Nicaraguan President Cancels Pension Plan Changes to End Deadly Protests

Nicaraguan President Daniel Ortega has scrapped plans to overhaul the country’s social security system. 

His announcement last week of changes to the country’s pension plan sparked days of deadly protests. 

The president said Sunday the plan to increase worker contributions to social security and to lower pensions is being “revoked, cancelled, put aside.” He added, “We cannot allow chaos, crime and looting.” 

Officials said Friday at least ten people had died in the protests. 

Some rights groups estimate the death toll since Wednesday, when the demonstrations began, is as high as 25, including a journalist reporting live via Facebook.

In a nationally televised address Saturday, Ortega said he was open to negotiations so that there is “no more terror for Nicaraguan families.” Ortega added, however, that he would only meet with business leaders.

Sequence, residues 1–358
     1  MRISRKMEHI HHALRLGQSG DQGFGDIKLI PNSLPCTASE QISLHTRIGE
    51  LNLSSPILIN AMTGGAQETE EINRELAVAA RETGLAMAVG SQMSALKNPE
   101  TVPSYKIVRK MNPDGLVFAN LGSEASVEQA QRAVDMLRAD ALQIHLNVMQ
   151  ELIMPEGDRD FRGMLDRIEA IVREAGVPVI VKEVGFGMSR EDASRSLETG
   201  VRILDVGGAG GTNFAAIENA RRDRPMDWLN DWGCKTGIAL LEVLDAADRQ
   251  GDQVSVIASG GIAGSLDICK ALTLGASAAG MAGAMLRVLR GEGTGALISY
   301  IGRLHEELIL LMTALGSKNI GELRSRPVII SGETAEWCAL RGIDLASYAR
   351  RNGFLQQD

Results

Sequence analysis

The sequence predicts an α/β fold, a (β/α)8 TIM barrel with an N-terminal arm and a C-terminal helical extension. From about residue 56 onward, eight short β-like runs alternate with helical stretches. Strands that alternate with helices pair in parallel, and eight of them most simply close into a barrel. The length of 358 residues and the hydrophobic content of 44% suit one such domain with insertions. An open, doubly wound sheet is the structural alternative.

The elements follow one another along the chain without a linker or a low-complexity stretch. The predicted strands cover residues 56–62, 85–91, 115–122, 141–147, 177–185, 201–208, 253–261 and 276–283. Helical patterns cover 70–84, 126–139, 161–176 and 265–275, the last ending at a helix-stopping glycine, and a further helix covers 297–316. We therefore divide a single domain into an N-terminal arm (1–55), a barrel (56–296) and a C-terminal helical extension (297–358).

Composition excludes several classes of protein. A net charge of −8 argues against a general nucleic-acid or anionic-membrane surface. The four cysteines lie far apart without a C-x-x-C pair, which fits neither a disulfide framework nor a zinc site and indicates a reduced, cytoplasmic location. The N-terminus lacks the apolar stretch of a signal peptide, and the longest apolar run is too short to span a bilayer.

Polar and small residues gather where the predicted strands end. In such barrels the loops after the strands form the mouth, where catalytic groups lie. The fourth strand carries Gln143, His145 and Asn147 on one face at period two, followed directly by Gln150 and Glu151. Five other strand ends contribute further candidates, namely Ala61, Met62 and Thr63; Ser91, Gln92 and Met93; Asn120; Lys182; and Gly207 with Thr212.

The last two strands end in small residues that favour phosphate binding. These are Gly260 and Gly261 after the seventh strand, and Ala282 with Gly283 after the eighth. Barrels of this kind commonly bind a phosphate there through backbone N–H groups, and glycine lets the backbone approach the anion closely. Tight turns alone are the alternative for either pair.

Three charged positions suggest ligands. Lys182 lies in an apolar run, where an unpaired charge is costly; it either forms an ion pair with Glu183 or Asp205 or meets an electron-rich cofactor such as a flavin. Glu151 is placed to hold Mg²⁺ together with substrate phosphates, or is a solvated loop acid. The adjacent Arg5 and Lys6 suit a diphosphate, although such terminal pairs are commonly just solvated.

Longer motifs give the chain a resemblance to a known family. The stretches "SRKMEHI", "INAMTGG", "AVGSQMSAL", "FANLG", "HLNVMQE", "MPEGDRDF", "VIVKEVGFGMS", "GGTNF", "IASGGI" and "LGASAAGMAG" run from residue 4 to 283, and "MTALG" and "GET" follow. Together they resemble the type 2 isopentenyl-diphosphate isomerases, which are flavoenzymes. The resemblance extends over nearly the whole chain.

“What is happening in our country has no name,” Ortega said. “The kids do not even know the party that is manipulating them…Gang members are being brought into the kids protests and are criminalizing the protests.”

Soon after his Saturday speech, demonstrators were back on the streets in several cities, including the capital, Managua, after tensions had calmed down somewhat Friday night. 

Late Saturday, journalist Angel Gahona was covering the protests live on Facebook from Bluefields, a town on Nicaragua’s Caribbean coast, when he was shot and killed. In the footage that has circulated widely on social media, gunfire is heard, Gahona falls down and several voices call out to him.

The United States condemned the “excessive force used by police and others” and called on the government to allow journalists to operate freely. 

The European Union said the violence was “unacceptable.” 

President Ortega is a former guerrilla soldier. His vice president is his wife Rosario Murillo. 

A court decision allowed Ortega to run for re-election in 2011, even though the country had a one-term limit. Three years after that, his leftist Sandinista National Liberation Front (FSLN) party, gained enough support in congress for a constitutional amendment to allow unlimited presidential terms.